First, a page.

Blue Skies by Helen Hodgman, (b.1945-) is the last of my catch-up reviews of books I read while I was away. It’s a remarkable debut novel.
First published in 1976 round about the time I was enjoying being a young mother myself, Blue Skies tells the story of a young mother marooned in Tasmanian suburbia. I think that if I had read the novel back then, when post-natal depression wasn’t much acknowledged or understood outside psychiatric circles, I wouldn’t have known what to make of it. Rather naïve about the lives of others at that time in my life, and with a preference for British classics, I don’t think I would have understood its incisive black humour, nor the social critique. Blue Skies is a classic example of a book that is right for different times in a reader’s life.
In a short novel of only 153 pages, Hodgman sketches this woman’s life with pitiless precision. She has a kindly-but-dull husband called James, a placid little baby daughter called Angelica, and a neighbour who is obsessive about mowing her lawn.
I’d watched it from the beginning.
Before she came, our house had been the last in the road: a tatty full stop to a long line of prosperous weatherboard bungalows. It stood out a bit, as it wasn’t painted in a lurid pastel shade like the others – because I could never make up my mind what colour to do it. Dead colour-selection cards littered the house.
On the far side was a small patch of scrubby bush straggling onto the beach, the one remaining unsold block. For days on end I could forget that I lived in a suburb just by looking out of the right windows.
Then the land was sold and cleared. Trenches were dug. Men built the house.
The woman hired another gang of large soft men, who levelled the earth and drained it. They dug it and primed it to receive the sackfuls of domesticated grass seeds.
These the woman tended herself. A square of spiky grass seeds stood before the house, a vivid and unreal green. Impressive at a distance, but close to it looked pretty sad. The blades were far apart. The dusty earth, growing dustier as summer passed, showed through the gaps like mange and defied her daily watering.
The native grasses rustled and swayed at the edge of this pampered patch. Occasionally it would stake its aboriginal claim to the usurped homeland by launching a seed to fertilise and reclaim a centimetre. Tough though it was, it could not take the almost daily shaving.
In those first few law-mowing days the woman would be at the house early in the morning supervising the seeds. She seemed in a no hurry to move in, as she waited for the grass to grow. I would pass her as she walked back from the beach, but she was too absorbed to speak, keeping herself to herself, which was good while it lasted. (p. 3)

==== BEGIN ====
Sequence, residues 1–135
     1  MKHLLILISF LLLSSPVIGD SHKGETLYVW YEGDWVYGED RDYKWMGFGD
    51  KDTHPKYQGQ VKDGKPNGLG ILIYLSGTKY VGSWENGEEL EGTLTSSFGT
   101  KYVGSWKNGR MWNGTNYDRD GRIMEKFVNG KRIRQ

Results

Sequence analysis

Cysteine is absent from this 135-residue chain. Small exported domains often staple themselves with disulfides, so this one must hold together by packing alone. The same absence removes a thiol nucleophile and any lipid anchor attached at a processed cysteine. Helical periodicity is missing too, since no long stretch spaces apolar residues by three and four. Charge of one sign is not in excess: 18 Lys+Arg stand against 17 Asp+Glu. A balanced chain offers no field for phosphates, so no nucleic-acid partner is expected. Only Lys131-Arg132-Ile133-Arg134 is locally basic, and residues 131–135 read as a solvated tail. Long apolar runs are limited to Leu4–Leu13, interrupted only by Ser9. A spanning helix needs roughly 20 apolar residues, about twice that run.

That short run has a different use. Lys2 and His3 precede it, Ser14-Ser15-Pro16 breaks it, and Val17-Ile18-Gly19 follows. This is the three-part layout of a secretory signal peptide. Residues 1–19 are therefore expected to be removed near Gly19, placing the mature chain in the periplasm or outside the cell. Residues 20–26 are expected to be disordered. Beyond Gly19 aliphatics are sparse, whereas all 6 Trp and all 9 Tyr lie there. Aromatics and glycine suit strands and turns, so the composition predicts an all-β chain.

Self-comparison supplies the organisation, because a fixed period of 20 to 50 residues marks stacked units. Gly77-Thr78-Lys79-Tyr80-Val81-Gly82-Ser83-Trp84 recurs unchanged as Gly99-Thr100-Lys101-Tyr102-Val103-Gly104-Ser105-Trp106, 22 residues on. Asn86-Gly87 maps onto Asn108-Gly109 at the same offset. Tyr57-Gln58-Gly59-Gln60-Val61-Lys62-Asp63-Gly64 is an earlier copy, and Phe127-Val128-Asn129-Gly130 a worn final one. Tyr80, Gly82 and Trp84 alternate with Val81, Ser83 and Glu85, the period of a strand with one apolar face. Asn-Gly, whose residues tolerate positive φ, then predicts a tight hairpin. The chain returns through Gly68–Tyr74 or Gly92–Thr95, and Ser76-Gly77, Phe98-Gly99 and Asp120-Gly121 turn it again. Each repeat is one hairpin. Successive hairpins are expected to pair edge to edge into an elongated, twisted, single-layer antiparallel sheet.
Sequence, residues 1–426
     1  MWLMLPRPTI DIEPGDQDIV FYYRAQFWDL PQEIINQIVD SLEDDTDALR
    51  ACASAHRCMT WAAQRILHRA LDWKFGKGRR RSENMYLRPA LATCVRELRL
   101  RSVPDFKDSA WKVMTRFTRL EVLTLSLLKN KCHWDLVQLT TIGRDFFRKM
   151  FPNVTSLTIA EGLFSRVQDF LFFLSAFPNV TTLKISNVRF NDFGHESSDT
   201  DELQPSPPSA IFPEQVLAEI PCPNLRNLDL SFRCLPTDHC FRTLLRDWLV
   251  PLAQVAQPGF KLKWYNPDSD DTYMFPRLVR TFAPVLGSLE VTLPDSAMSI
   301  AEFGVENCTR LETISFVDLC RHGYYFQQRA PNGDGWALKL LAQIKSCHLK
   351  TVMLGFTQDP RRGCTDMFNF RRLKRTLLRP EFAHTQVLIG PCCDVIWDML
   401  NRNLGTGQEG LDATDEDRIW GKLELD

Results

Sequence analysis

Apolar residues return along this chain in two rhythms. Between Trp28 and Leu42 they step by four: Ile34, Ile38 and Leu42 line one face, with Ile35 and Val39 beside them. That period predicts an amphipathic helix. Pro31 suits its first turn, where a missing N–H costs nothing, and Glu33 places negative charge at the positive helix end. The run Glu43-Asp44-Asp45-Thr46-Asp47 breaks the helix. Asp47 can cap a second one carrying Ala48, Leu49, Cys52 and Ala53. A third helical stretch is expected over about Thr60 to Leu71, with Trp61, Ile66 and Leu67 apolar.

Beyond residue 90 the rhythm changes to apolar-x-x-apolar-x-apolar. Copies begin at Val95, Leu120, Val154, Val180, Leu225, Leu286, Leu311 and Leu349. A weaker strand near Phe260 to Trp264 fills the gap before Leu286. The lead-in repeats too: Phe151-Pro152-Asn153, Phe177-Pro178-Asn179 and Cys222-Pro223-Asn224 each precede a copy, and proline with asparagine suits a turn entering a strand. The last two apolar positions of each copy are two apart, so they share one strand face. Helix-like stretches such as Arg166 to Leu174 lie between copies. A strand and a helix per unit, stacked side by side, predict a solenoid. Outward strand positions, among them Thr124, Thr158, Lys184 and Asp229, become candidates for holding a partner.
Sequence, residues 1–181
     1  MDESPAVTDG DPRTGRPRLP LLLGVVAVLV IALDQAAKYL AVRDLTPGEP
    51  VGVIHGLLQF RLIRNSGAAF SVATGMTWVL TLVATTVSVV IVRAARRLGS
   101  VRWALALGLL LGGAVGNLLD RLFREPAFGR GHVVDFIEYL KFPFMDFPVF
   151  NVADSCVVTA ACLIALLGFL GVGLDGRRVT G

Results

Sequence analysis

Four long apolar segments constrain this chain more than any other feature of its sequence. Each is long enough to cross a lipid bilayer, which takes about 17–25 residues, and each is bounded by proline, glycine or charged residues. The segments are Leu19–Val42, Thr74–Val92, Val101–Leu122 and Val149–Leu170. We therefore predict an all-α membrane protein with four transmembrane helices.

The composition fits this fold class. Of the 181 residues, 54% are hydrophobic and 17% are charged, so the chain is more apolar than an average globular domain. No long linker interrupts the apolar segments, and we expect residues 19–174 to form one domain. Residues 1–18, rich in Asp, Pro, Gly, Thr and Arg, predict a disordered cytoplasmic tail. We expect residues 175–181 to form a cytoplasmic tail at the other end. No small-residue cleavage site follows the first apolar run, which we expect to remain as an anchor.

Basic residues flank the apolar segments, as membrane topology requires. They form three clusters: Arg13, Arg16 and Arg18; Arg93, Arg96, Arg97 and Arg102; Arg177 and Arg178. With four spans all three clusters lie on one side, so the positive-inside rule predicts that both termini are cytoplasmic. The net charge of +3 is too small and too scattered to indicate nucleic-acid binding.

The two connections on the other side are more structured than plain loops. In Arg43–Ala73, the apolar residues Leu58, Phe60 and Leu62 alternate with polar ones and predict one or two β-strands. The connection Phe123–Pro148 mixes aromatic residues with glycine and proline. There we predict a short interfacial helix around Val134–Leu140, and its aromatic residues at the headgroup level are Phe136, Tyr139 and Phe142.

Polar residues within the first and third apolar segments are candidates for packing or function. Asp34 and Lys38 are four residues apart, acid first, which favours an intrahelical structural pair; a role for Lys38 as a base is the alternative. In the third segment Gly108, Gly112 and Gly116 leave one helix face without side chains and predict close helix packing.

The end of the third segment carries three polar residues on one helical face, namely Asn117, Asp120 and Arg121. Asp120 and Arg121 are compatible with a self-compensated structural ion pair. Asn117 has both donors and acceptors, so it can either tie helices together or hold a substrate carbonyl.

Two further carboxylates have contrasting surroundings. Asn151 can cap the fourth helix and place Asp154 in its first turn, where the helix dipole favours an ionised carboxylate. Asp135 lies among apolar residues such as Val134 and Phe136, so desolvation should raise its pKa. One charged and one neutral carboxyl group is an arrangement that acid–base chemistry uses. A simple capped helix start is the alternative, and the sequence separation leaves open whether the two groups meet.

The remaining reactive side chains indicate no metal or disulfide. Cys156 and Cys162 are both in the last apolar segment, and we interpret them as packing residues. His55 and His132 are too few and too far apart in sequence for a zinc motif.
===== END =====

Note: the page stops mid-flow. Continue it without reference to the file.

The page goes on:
Other mothers nearby chat about knitting patterns and their children but Hodgman’s narrator avoids them at the beach. But alas, even with discouraging blinds pulled down there is no avoiding Mrs Olive Stacy. (In time ’Ollie’ will even dust her Spanish-colonial style birdbath and a forthcoming gnome). She can’t avoid Mother-in-Law either because she needs her to babysit Angelica on Tuesdays and Thursdays when she visits her lovers. Jonathan (Tuesday) is a restaurateur and Ben (Thursday) is an artist, but also the husband of her best friend Gloria. The pulse-racing secrecy of these reprieves from relentless domesticity brings excitement into her life, but these lovers are destined to have crises of their own.
Hodgman’s tone is acerbic and her imagery is distinctively Australian. Blue skies beat down relentlessly as if to taunt the blackness of the woman’s mood, and ghosts from Tasmania’s indigenous past haunt the story. The plot, bringing suicide and murder into the smug conformity of suburbia, is deliberately confronting. This is not a novel I will forget in a hurry…
Featuring an introduction by Danielle Wood and striking cover art by W.H. Chong, Text Publishing reissued Blue Skies in 2011 (before it launched its Text Classics series with their distinctive yellow covers). Their website lists Helen Hodgman’s other novels:
- Jack and Jill (1978; winner of the Somerset Maugham Award, also reissued by Text);
- Broken Words (1988; winner of the Christina Stead Prize);
- Passing Remarks (1996);
- Waiting for Matindi (1998); and
- The Bad Policeman (2001).
(On the day I wrote this review, I picked up three of Hodgman’s titles second-hand for $27 from Fishpond, one of them for only $6.00. So you can expect more reviews of this remarkable author’s books!)
Author: Helen Hodgman
Title: Blue Skies
Publisher: Text Publishing, 2011
Source: Personal library, recommended by my friend Jenny and purchased from Dymocks with a Christmas book voucher from my parents, $29.95.
(Waiting for Matandi is the only one available at the Book Depository).